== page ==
Regulation of Retail Use of RFID Tagging

The Entertainment Merchants Association (EMA) opposes efforts to limit the use of radio frequency identification (RFID) tagging in the retail environment or require special procedures to be implemented if RFID tagging is utilized in retail establishments. Such mandates would create disincentives for widespread adoption of RFID tagging, which has the potential to improve supply chain management, reduce shrink, and improve customer service.

The "Electronic Product Code" RFID tags utilized in the retail supply chain are like electronic barcodes. Unlike RFID tags used for tolls and mass transit, the tags have no internal power supply and are not constantly activated; rather, a reader is used to send a signal to an antenna embedded in the tag, which provides a burst of energy to the tag and allows it to respond. These tags can be read at distances ranging from a few inches to several yards, depending on the frequency used and the size of the antenna.

RFID tags are used at the case- and item-level in retail supply chain management to provide an accurate report on inventory and its location. They can track products as they move from the manufacturing facility, through distribution centers, to retail establishments, and ultimately into the hands of the consumer. RFID tags improve the ability of product suppliers and retailers to know how much inventory is on hand and where an item is in the supply chain, improving on-shelf product availability. The tags can reduce shrink (product loss) by eliminating the potential for discrepancy between inventory records and physical inventory and preventing the unauthorized removal of products from warehouses and retail establishments.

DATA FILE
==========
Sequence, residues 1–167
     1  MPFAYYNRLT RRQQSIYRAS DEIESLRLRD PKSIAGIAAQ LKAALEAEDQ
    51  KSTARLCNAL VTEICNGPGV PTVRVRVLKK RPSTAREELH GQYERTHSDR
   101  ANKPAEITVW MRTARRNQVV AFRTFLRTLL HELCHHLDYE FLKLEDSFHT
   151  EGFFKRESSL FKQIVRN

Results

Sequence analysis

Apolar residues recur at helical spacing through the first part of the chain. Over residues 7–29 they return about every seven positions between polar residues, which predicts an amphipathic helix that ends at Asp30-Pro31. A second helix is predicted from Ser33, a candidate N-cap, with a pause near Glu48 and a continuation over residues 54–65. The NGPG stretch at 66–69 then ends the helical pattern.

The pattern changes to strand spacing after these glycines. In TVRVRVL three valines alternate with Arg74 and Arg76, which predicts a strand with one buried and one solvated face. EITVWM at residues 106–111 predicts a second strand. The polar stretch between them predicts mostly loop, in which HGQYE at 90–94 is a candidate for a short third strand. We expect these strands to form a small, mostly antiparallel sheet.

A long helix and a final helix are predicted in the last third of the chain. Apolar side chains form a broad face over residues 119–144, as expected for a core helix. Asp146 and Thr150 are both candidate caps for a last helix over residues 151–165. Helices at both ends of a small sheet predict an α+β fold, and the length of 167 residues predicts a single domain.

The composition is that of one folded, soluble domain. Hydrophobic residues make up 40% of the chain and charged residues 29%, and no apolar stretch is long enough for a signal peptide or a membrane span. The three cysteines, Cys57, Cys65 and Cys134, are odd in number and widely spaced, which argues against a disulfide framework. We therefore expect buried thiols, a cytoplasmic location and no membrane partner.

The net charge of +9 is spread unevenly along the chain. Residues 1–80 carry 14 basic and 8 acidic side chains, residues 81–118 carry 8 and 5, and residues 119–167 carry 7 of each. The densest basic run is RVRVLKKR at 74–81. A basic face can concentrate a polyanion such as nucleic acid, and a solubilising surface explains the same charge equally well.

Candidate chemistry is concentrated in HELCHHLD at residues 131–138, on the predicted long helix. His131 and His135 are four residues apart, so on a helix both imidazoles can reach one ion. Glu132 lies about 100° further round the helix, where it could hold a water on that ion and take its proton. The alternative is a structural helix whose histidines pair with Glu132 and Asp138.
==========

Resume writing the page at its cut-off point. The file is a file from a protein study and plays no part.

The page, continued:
By providing retailers with real-time information on each unique item in their inventory and its location, RFID tags will improve customer service. Retailers will be able to inform customers whether they have the particular item the costumer is seeking and where it is in their store, even if the item is mishelved. The improved item tracking offered by RFID can be used to alert retailers when product supplies are running low and when it is time for replenishment, thus reducing the potential for customer frustration due to product shortages.

Legislative proposals to require RFID tags to be removed or deactivated at the time of purchase or to restrict post-sale communication with RFID tags are both impractical and unnecessary, as, much like barcodes, RFID tags are part of product packaging. In addition, because of the passive nature and limited range of Electronic Product Code RFID tags, the tags are not designed for communication outside of the supply chain.

EMA supports accepted industry guidelines for retailers to provide notice regarding the presence of RFID tags in their establishments.  However, since the industry has already agreed to provide such notice, EMA believes legislation is unnecessary.

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